It was a fairly typical Wednesday afternoon, meaning that I was trying to decide what I’d write about for the second column of the week, when the phone rang. A recorded voice on the other end said that the calling organization could prevent criminal charges and collection activities because of my business’ tax problems. All I had to do was press 1.
I thought about an email I’d received the previous week with similar wording and which was instantly dispatched to the bit bucket of scam emails. I wondered if I’d missed something, so I pressed 1. The man who answered said that he was with the office of tax relief services at the U.S. Treasury Department.
“We can prevent the IRS from arresting you and we can stop the collection services,” said the man, who identified himself as Rudy. By now I knew it was a scam, if only because the Internal Revenue Service already had all of my money, so I told “Rudy” that I didn’t owe any taxes. So he asked to talk to my accounting department so he could discuss my tax payments.
At this point, I told Rudy that I was reporting his call and I hung up, but not before he let loose a couple of choice invectives, all of which seemed to use the word “Trump,” repeatedly. Perhaps he was discussing someone playing Bridge, but I doubt it.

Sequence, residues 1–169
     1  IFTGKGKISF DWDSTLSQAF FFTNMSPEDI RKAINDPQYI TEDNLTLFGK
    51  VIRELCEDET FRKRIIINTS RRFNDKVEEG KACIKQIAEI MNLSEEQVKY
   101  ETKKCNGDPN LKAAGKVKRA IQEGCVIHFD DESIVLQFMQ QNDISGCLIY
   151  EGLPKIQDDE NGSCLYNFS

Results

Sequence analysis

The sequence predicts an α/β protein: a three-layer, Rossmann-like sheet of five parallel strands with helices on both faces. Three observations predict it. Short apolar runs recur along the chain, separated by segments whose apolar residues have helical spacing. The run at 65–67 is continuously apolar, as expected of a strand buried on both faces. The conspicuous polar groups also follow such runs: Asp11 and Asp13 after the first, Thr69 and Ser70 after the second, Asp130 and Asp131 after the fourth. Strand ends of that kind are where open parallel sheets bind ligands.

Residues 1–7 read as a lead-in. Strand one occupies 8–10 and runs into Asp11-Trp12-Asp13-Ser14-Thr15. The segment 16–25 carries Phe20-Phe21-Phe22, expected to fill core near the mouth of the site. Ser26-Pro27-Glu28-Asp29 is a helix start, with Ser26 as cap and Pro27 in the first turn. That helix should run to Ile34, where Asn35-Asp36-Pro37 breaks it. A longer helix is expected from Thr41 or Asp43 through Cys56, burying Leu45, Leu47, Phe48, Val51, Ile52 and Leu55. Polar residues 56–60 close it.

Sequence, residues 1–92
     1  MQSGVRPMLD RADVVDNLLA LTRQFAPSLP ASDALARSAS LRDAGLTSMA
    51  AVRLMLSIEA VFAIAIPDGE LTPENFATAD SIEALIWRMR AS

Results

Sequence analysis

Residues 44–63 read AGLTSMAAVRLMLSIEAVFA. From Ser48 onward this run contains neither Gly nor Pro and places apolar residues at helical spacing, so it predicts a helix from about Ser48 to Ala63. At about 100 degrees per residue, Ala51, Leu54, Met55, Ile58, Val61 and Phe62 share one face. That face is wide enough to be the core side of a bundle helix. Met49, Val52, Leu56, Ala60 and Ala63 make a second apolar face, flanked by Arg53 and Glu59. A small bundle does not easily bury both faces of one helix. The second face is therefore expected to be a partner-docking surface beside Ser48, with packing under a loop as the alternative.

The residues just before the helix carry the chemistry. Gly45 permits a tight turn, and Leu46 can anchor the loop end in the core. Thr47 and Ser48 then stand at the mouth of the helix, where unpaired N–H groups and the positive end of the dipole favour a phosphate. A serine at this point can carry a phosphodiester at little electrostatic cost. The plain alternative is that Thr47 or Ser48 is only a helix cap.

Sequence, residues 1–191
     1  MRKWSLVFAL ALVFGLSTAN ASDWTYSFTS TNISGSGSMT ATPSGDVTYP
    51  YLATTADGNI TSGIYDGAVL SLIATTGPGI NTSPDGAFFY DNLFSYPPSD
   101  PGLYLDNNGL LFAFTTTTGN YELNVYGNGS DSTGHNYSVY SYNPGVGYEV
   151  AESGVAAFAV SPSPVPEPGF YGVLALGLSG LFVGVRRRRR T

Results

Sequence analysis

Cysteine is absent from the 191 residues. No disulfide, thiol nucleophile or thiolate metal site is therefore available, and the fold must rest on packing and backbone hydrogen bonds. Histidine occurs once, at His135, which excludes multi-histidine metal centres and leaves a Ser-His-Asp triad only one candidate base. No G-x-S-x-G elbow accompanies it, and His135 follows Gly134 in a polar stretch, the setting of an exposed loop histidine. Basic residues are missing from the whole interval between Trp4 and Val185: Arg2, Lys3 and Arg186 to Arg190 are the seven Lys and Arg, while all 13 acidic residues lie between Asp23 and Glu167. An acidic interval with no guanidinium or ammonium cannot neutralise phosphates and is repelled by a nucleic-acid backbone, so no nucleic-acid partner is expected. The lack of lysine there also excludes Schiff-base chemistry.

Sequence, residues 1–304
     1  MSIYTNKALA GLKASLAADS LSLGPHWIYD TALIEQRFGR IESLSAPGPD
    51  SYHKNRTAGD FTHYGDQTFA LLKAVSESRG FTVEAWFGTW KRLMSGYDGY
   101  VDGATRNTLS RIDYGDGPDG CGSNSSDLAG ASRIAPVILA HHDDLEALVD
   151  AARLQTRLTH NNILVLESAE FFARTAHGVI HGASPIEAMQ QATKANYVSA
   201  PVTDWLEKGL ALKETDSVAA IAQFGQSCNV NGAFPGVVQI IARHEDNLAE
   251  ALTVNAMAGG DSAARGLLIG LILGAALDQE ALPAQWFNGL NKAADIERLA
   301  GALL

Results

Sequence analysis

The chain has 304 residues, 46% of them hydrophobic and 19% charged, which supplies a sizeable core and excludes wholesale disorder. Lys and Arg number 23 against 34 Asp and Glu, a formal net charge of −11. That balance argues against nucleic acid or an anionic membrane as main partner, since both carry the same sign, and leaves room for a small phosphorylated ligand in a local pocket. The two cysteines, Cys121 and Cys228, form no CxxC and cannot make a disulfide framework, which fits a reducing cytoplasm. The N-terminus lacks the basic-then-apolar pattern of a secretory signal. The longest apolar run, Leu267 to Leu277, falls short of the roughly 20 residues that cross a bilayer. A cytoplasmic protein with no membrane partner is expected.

The earlier email, the one I’d sent into oblivion, had also carried a few clear threats towards my corporation, which is one reason I knew it was a scam, since I don’t actually run a corporation. But now it was coming clear.
What appears to be going on here is a new version of the popular tax scam that’s worked well in the past, but has been revised to prey on small businesses where there are only a few people filling all of the jobs and all of them are overworked—in other words, companies with no clear line of responsibilities. In those situations, it might be possible to convince someone senior at a company to simply pay what appeared to be a tax bill without checking it in a lot of detail.
While most of these scams come in via email or by phone, apparently it’s also possible for people pretending to be representatives of the IRS or the Treasury Department to appear at your company in person. However it happens, the folks at Treasury have a plan and in some cases remedies for these scams.
If a person claiming to be an agent of the Treasury Department or the IRS shows up at your offices, your first step should be to demand to see their official identification credentials. If you need to confirm that they’re real, you should email the Office of the Inspector General at OIGCounsel@oig.treas.gov with a description and any other information you can provide.